After I read Half of a Yellow Sun, I saw a few reviews that compared Adichie to Chinua Achebe (including the back of this novel). I read Things Fall Apart in high school, so I had a hard time seeing the connection (partially due to lack of familiarity with Achebe, partially due to an inability to remember the novel very well). I actually thought that comparison was more obvious and accurate in this novel. It appears to take place in the '90s after a military coup (I checked Wikipedia first, and then found this site to confirm my suspicions - she writes of the death of a reporter in the novel and I had assumed that was the real name -Nwankiti Ogechi - but even that was fictionalized). The coup served as a backdrop to the rest of the novel, which focused on a much more personal story.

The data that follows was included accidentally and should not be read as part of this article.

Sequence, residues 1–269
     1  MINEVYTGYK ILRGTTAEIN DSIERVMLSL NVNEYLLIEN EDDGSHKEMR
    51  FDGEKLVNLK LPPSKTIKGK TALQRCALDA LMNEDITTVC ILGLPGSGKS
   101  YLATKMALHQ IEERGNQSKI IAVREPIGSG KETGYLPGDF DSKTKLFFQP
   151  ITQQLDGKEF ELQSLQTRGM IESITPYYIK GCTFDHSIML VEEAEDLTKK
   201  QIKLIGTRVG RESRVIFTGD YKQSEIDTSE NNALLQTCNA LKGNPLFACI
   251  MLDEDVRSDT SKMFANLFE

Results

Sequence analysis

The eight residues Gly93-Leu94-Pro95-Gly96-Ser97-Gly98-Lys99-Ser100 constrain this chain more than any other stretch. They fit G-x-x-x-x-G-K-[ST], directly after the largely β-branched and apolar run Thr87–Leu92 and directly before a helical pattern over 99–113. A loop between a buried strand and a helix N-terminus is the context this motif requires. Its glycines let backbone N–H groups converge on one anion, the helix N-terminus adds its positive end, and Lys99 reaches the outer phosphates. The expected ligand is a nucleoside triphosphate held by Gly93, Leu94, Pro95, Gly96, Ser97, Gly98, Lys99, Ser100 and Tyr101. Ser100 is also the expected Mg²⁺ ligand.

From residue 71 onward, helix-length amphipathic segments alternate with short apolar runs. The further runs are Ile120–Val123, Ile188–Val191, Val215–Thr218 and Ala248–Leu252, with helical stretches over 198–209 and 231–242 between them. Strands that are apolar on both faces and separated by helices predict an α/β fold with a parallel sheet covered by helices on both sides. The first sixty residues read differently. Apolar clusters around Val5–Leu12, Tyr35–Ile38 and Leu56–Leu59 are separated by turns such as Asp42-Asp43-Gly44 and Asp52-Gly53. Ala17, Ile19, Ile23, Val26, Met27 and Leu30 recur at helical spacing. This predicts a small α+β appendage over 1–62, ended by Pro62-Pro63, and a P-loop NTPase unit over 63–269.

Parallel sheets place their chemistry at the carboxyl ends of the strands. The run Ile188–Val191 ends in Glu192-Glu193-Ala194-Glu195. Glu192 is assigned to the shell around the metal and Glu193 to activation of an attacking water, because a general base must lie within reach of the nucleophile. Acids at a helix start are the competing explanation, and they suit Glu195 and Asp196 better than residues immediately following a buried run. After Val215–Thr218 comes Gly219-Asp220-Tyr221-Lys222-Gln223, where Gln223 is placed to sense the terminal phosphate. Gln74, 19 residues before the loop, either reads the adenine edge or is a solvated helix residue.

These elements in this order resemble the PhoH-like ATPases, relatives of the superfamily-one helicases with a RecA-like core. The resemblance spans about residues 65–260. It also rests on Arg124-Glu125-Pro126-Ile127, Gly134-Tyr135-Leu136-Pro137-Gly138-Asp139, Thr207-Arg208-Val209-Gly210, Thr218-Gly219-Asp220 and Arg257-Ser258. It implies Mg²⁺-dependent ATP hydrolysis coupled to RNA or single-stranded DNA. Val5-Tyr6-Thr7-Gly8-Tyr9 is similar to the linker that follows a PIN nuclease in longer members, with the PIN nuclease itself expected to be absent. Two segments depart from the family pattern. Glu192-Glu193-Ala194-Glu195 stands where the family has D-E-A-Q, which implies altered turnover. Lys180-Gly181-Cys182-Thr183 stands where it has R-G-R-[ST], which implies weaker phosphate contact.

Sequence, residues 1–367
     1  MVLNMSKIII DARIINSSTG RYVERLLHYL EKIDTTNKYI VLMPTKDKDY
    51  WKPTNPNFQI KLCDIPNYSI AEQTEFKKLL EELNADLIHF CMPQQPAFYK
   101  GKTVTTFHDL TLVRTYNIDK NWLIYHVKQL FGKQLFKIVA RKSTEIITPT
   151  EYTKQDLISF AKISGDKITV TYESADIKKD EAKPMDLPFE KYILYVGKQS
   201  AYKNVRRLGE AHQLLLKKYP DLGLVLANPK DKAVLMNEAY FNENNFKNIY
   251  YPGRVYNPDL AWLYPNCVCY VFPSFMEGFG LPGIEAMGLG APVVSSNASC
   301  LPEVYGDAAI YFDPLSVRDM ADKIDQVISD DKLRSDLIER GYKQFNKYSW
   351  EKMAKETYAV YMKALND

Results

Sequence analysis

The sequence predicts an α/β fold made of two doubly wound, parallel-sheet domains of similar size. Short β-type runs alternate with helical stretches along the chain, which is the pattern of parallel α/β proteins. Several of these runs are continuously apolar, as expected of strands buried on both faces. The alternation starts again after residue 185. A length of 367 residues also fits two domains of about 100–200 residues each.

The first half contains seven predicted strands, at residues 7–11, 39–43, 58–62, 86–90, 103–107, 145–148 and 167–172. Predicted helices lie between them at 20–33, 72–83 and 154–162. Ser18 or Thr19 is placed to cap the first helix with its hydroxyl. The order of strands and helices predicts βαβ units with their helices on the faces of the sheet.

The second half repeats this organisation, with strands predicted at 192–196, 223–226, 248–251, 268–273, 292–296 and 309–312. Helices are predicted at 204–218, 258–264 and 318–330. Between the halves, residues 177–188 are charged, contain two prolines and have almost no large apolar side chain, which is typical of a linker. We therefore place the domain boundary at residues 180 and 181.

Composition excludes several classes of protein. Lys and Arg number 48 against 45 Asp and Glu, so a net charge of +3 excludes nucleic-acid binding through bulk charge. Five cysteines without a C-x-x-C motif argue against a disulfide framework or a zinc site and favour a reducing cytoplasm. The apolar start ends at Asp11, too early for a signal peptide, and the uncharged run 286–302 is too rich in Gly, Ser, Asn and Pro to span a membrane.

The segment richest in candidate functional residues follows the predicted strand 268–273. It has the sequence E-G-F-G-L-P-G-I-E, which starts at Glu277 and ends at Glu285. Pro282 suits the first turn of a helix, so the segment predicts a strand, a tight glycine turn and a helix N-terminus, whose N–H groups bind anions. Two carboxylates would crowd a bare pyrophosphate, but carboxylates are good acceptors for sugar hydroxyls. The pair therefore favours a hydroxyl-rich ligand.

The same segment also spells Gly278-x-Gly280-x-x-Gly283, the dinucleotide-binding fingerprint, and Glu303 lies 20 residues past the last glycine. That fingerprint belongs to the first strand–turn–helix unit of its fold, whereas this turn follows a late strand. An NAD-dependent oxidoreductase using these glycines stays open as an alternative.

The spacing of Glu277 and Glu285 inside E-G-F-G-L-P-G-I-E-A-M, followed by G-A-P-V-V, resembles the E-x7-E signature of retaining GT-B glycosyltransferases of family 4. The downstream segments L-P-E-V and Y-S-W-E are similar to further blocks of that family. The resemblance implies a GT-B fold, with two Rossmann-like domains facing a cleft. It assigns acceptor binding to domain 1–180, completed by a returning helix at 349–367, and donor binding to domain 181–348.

As the story progresses, the narrator, Kambili, begins to question her upbringing, and become more independent. In the beginning, she worships her strict father. We soon learn that her father is not only strict, but abusive and fanatically religious. His beatings have induced miscarriages upon his wife, and he is quick to punish his family for what he sees as wrong-doings (for example, he beats his wife for having to be asked more than once to go into the minister's house when she was feeling naseuous). He is intolerant of different beliefs and has even cut off contact to his father because his father holds on to the old religion. His children have a daily schedule and are expected to be first in their class - he doesn't care that his controlling all their time leaves them no time to develop friendships, and actually earns them ridicule as "snobs." Kambili and her brother Jaja visit their liberal aunt's family, and through interacting with these relatives, they begin to question their own lives and enjoy themselves and new freedoms.